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Life-threatening emergencies

A life-threatening situation occurs when

  • a household member needs

    • electricity to power life-saving medical equipment or

    • energy to avoid extreme summer and winter temperatures and

  • A health care professional indicates that the situation is life-threatening.

Medical equipment verification

The household must show that a health care professional prescribed the equipment and that it requires electricity to operate.

The equipment may not have a battery backup. When there is a battery backup, the situation is not life-threatening.

Qualified medical equipment includes but is not limited to

  • a kidney dialysis machine,

  • an iron lung;

  • an oxygen concentrator or other oxygen machine, or

  • a cardiac monitor.

Qualified medical equipment does not include

  • a hot water heater,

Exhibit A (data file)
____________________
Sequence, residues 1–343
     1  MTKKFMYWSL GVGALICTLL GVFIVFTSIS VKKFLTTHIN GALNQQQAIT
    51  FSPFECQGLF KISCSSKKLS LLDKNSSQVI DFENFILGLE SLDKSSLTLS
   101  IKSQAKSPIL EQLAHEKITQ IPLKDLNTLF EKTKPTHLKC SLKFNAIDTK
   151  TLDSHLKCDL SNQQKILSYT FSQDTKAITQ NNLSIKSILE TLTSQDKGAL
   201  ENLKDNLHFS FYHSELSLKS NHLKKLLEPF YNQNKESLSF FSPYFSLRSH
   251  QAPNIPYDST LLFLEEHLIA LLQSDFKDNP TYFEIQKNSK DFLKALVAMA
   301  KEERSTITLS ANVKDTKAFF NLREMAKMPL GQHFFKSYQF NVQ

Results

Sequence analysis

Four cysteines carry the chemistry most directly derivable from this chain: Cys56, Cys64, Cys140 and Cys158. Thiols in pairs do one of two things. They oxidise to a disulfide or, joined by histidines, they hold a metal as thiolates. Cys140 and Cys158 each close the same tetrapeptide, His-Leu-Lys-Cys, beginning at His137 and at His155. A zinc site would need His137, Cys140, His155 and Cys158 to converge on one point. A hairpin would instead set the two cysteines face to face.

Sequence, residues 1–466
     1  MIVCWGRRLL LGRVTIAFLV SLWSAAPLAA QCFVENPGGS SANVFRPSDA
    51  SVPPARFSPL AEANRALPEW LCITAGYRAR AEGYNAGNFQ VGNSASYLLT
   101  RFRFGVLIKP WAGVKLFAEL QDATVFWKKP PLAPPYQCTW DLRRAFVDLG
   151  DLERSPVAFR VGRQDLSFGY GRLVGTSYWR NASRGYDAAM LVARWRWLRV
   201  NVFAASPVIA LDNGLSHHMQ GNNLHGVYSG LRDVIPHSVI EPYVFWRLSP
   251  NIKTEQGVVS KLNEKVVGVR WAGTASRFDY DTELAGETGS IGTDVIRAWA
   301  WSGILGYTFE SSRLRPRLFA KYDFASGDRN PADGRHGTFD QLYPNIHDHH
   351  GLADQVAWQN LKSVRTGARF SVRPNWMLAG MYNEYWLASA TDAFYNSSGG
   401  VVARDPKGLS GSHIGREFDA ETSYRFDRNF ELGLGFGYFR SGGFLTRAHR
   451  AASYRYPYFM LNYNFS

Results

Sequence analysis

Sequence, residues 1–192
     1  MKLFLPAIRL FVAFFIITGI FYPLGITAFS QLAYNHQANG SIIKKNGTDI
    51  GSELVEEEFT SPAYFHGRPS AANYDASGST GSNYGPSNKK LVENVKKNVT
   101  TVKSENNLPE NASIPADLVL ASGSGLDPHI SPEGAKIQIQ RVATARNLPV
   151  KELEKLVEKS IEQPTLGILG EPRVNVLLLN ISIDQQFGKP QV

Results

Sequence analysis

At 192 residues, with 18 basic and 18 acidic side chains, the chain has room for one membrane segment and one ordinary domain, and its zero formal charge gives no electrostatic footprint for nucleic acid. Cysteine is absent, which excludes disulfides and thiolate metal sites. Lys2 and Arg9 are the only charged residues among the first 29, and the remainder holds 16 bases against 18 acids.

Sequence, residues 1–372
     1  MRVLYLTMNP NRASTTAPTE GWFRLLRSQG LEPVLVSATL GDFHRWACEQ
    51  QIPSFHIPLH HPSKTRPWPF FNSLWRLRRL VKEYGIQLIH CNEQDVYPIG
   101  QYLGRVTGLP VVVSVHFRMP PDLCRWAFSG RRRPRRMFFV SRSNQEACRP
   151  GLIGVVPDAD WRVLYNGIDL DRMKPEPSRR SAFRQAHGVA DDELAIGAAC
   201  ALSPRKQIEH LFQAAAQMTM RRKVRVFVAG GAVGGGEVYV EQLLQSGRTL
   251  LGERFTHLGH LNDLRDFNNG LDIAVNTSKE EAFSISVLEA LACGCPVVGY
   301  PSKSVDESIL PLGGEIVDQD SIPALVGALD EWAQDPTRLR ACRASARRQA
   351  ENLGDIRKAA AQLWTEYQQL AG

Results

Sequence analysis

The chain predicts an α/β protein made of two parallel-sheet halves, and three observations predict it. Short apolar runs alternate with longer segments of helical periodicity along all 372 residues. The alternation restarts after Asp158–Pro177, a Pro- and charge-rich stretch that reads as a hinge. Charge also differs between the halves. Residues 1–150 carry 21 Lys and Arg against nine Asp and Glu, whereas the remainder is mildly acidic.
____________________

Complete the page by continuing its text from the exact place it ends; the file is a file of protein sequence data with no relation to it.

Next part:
• refrigerator,

  • stove,

  • a battery-driven, hand-driven, or self-contained nebulizer,

  • a battery-driven apnea monitor, or

  • battery-driven cardiac monitor.

Extreme temperature verification

The household must provide verification from a health care professional. The verification explains why, given the household member’s medical condition, not having power and being exposed to extreme temperatures is life-threatening.

DHS looks at the National Weather Service website for the predicted heat index or temperature on the disconnection date.

To qualify, the local weather must indicate that

  • the heat index is 101 or higher during the summer months or

  • the temperature is 32 or lower for the daytime hours or 20 or lower for nighttime hours during the winter months.
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